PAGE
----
Pune, June,2014 : In keeping with Protsahan’s aim of providing a safe and empathetic environment where issues that affect adolescent girls in urban slums are openly addressed, Protsahan’s Pune chapter kick started a series of workshops addressing child marriage on 29th June.
In the interactive session, students confronted big questions about the ethics and effects of child marriage. They found answers in their small and simplified personal objections, which nonetheless resonate with the more widely- recognized arguments. Thus for instance, when asked why girls should not be married at an early age, they responded with statements like “she would not know everything”, “she will have to wear kumkum”, “she will have to do a lot of work and cook food for many,” “she will have to go away from her mother”, resonating with objections about forced maturity in child brides. Or, when asked what such a child would miss out on, they responded, “playing,” “studying,” “fulfilling her dreams,” “dressing up”, echoing scholarly objections about the opportunity cost, lack of over-all development and decrease in human resource.
“शादी का मतलब कुम-कुम”
(Marriage to me is kumkum) – An 11 year old girl from the slums of Pune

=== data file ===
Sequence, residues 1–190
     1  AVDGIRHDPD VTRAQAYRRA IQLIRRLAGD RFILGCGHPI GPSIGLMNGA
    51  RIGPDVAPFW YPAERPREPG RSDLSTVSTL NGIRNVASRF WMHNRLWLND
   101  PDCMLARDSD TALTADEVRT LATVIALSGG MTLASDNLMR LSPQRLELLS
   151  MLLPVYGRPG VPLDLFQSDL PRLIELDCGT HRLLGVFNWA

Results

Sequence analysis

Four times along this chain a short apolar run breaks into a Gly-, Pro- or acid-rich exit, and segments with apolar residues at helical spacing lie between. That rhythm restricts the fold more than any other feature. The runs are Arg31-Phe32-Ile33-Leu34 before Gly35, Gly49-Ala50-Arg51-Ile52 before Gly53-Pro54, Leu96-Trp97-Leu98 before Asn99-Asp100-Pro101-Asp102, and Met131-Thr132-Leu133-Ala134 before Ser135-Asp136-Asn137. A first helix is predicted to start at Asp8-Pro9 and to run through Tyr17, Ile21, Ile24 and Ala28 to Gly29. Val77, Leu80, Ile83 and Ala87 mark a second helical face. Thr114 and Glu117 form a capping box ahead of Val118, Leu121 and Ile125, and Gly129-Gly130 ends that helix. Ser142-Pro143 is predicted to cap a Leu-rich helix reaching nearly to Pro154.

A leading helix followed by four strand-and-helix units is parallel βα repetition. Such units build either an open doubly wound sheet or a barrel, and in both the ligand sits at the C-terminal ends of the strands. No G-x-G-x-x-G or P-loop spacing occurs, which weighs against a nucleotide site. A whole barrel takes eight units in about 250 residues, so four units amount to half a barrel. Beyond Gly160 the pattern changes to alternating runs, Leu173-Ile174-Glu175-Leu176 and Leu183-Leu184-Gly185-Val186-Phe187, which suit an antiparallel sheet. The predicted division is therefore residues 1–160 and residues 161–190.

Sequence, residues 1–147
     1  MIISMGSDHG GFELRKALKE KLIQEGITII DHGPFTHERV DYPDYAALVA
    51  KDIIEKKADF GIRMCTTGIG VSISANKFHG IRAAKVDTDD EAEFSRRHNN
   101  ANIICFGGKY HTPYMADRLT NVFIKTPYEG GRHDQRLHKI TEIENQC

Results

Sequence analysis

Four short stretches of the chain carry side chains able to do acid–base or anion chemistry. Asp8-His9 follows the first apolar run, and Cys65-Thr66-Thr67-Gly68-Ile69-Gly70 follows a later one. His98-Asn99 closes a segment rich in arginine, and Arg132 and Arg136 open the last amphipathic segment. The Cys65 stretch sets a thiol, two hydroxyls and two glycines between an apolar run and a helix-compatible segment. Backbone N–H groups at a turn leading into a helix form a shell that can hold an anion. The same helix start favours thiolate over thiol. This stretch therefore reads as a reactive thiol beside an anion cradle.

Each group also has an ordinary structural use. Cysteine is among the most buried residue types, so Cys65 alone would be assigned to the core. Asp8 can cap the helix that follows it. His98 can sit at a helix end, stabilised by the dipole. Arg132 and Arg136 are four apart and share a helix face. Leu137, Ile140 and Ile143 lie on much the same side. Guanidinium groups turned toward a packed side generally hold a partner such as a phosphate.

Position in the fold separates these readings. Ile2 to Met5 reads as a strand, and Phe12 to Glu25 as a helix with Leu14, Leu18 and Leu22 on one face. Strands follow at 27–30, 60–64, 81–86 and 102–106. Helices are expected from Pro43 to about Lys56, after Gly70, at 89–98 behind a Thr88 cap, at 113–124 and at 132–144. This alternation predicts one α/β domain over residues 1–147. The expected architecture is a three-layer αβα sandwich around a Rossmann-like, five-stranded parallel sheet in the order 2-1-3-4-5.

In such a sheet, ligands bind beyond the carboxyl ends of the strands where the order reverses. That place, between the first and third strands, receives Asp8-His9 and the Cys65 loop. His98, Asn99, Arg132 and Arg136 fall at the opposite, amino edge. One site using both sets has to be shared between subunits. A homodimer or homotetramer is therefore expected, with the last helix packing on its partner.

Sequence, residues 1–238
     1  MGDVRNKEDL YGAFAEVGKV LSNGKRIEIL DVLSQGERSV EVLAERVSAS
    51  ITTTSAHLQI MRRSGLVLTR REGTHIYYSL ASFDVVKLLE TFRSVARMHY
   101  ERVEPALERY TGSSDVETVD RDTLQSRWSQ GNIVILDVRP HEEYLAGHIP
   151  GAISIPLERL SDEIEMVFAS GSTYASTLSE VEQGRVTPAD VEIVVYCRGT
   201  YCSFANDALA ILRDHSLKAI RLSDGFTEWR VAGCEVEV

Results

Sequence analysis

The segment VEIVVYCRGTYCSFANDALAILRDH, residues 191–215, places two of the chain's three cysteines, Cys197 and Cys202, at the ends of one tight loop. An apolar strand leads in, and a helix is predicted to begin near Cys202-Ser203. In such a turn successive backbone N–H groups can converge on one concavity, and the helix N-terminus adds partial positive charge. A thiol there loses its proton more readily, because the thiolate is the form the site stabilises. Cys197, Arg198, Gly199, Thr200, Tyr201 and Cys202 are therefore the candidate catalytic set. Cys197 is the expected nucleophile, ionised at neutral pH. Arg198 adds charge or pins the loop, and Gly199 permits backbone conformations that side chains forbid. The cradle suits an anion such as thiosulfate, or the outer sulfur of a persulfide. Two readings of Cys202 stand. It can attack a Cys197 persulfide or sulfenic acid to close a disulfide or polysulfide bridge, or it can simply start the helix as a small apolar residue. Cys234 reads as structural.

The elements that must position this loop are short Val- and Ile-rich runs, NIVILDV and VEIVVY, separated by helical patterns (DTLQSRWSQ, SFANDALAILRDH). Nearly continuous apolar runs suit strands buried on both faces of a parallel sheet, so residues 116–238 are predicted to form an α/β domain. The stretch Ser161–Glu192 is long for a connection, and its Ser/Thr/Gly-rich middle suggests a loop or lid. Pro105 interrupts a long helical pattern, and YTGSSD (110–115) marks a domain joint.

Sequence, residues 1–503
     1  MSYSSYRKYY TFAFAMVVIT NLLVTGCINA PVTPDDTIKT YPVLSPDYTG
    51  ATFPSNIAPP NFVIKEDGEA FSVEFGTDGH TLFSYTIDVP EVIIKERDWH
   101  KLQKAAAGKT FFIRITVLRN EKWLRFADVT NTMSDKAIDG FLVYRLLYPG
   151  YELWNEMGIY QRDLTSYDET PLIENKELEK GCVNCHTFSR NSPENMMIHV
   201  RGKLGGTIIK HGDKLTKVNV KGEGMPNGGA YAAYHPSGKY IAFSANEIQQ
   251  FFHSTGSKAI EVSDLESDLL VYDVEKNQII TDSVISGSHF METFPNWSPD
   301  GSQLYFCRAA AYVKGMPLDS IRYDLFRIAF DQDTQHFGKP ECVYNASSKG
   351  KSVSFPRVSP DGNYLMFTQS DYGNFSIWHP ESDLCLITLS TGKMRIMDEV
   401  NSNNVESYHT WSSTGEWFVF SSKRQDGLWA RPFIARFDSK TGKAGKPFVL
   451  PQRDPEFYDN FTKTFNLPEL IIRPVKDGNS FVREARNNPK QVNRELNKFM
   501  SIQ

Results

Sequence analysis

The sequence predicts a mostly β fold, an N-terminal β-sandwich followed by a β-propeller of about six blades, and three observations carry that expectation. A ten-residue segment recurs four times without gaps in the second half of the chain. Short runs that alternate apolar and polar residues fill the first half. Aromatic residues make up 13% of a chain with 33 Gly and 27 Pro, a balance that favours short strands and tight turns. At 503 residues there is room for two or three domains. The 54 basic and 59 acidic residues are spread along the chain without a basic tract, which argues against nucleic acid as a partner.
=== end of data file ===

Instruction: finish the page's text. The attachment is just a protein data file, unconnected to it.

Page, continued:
After class, when one of the girls’ tear-filled eyes led to a one-on-one discussion, it was discovered that adults in her family had already begun considering the logistics of her marriage. To this little girl, child marriage was a very real prospect, not just an issue one reads, analyzes and discusses.
It is here that the paradox of this delicate issue can be understood. While academics bicker, governments frame (or don’t frame) policy and the activist youth protests, the child herself, the very subject of the issue, is left out of the equation. However, the girls’ naïve and concise, but accurate understanding of the problem, and the anxiety that first-hand experience brings, indicates whose ideas should really matter.
Recognizing this, we at Protsahan encouraged our students to express their opinions, using story-telling, theatre, film-making, photography and art, all of which will be part of future workshops on the topic. To culminate this one artistically, the girls designed a poster, symbolically marked with tears in the child bride’s eyes.
With more sessions to come, there’s more to learn and more to create.
With inputs from Vartika Gupta